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Acupuncture treatment is feasible for young children — but is it beneficial?


2 Star

New study from KKI shows feasibility of acupuncture in young children with ASD

Our Review Summary

This news release focusing on a small study of acupuncture treatment adherence published in the Journal of Alternative and Complementary Medicine does a good job framing what the study can and cannot tell us — for the most part. However, it strays a bit when it says the study should give parents of children with autism spectrum disorder (ASD) a “hopeful sign” and states it measured the effects of the intervention on the children’s behavior, ability to pay attention, sleep, and parenting stress — but shared none of these findings.  There is no mention of quantified benefits, cost or potential harms.

According to the release, the study was designed to determine whether young children, ages 3 to 10, with autism were able to complete an eight-week regiment of acupuncture treatment. The key finding appears to be the fact that all 10 children completed the therapy, which was performed twice weekly over eight weeks. The release would have been improved had it included more details and some data from the study on those aspects of the things that were measured — the children’s behavior, attentiveness and sleep. Or, since this was such a tiny study whose results are likely to be unreliable anyway, perhaps those aspects should have been left out of the release entirely.


Why This Matters

According to the CDC, approximately 1 in 68 children in the U.S. has ASD. In other words, a lot of people are affected. People who have ASD can present a wide variety of behaviors. ASD’s impact on an individual’s quality of life also varies, depending on each person’s situation and the behaviors he or she exhibits.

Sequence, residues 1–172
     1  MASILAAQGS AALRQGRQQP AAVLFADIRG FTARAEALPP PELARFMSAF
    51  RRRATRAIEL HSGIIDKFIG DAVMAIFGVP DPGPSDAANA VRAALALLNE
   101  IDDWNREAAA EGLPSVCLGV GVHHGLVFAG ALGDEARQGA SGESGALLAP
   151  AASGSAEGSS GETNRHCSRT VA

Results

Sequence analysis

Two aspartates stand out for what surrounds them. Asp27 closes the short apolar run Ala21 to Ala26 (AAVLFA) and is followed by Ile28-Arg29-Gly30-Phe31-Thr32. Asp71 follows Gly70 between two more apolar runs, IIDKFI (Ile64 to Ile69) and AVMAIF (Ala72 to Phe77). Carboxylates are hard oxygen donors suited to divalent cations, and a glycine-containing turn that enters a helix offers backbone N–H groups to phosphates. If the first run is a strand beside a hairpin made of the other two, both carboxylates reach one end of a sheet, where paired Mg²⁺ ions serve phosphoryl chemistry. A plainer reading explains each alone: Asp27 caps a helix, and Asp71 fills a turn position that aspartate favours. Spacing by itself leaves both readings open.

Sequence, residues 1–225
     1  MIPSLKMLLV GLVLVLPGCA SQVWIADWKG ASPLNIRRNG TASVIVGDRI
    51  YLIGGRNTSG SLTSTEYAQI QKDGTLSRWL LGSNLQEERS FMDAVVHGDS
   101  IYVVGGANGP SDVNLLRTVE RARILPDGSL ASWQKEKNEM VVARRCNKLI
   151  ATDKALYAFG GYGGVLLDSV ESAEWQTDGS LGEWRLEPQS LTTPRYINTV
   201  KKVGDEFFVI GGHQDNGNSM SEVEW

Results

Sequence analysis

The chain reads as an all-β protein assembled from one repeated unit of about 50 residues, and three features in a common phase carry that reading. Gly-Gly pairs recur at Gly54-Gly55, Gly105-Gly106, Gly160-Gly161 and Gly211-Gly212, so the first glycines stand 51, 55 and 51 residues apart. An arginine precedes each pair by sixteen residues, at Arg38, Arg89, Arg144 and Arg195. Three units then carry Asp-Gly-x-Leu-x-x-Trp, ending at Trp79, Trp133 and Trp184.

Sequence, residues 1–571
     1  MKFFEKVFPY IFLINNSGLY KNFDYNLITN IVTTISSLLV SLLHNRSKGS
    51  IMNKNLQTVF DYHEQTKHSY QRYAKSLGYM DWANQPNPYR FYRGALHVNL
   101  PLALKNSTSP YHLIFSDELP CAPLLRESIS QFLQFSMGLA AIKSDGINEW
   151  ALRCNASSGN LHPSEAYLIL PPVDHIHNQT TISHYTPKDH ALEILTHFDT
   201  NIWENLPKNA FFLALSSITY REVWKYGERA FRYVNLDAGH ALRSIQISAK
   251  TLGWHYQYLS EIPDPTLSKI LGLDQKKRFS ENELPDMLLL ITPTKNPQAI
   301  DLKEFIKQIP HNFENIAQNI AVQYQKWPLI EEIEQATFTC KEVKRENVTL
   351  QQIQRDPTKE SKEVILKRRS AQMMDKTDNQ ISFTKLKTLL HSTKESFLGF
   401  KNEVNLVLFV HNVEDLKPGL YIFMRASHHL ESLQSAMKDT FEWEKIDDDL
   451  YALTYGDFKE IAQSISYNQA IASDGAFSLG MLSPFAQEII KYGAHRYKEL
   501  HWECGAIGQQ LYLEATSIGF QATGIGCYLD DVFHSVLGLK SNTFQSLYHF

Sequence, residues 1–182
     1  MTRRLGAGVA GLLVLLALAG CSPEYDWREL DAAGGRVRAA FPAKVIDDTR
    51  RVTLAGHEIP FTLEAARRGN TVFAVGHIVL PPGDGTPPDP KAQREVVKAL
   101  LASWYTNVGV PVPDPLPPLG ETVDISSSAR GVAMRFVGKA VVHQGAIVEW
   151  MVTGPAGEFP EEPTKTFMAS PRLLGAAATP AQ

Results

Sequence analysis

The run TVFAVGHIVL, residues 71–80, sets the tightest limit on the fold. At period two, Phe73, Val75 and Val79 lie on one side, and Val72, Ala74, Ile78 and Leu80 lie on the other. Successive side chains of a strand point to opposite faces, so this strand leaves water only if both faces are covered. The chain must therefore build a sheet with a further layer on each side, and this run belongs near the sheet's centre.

This study looked specifically at parents of young kids, between the ages of 3 and 10. Many, if not most, parents are willing to do whatever they can to help their kids. And if they think that acupuncture might help their child with ASD, they may seek it out. This release says, in its headline, that the relevant study “shows feasibility of acupuncture in young children with ASD.” We wish the release had also told readers why parents and caregivers should consider acupuncture for children with ASD in the first place.

The study was not intended to evaluate acupuncture as a therapy and the release could have spelled that out more plainly. The study was intended to determine the feasibility of using acupuncture on a population that requires a lot of time and effort to undergo therapy. The release might be helpful for other researchers but much less so for parents or the general public.


Does the news release adequately discuss the costs of the intervention?

Not Satisfactory

Costs are not mentioned at all. The costs of acupuncture treatment can vary widely, but most people can expect to pay at least $60 per session (and often considerably more). Given that this study involved 16 sessions, and that not all health plans would cover acupuncture to treat ASD, the expense could be considerable.

Does the news release adequately quantify the benefits of the treatment/test/product/procedure?

Not Satisfactory

According to the news release, the researchers “identified the most positive outcome of the study as the high compliance rate, with all parents of the children ages 3-10 completing the intervention.” While it is good to know that the patients were able to complete the study, most readers probably wanted to know if the patients benefited from the treatment in any way. The release notes that “researchers measured the effects of the intervention on factors such as the children’s behavior, ability to pay attention, sleep, and aspects of parenting stress” — but doesn’t tell readers whether any of those things changed as a result of treatment.